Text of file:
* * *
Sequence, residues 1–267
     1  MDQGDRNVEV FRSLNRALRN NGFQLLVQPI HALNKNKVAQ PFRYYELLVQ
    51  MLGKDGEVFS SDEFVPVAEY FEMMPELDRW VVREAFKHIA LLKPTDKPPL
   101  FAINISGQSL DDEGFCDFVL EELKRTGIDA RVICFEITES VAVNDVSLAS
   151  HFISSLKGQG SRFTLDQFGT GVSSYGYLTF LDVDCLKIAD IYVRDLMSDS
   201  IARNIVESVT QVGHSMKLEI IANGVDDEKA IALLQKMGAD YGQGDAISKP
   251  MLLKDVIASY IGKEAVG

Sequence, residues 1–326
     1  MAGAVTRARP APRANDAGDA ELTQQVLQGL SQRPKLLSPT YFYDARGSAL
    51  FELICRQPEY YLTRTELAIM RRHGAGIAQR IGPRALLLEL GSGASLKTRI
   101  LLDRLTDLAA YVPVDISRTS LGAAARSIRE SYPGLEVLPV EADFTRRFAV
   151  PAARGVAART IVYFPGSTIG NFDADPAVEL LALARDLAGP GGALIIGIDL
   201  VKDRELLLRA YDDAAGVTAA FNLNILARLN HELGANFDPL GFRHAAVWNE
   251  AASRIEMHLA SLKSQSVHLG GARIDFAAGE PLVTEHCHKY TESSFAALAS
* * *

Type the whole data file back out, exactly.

Sequence, residues 1–267
     1  MDQGDRNVEV FRSLNRALRN NGFQLLVQPI HALNKNKVAQ PFRYYELLVQ
    51  MLGKDGEVFS SDEFVPVAEY FEMMPELDRW VVREAFKHIA LLKPTDKPPL
   101  FAINISGQSL DDEGFCDFVL EELKRTGIDA RVICFEITES VAVNDVSLAS
   151  HFISSLKGQG SRFTLDQFGT GVSSYGYLTF LDVDCLKIAD IYVRDLMSDS
   201  IARNIVESVT QVGHSMKLEI IANGVDDEKA IALLQKMGAD YGQGDAISKP
   251  MLLKDVIASY IGKEAVG

Sequence, residues 1–326
     1  MAGAVTRARP APRANDAGDA ELTQQVLQGL SQRPKLLSPT YFYDARGSAL
    51  FELICRQPEY YLTRTELAIM RRHGAGIAQR IGPRALLLEL GSGASLKTRI
   101  LLDRLTDLAA YVPVDISRTS LGAAARSIRE SYPGLEVLPV EADFTRRFAV
   151  PAARGVAART IVYFPGSTIG NFDADPAVEL LALARDLAGP GGALIIGIDL
   201  VKDRELLLRA YDDAAGVTAA FNLNILARLN HELGANFDPL GFRHAAVWNE
   251  AASRIEMHLA SLKSQSVHLG GARIDFAAGE PLVTEHCHKY TESSFAALAS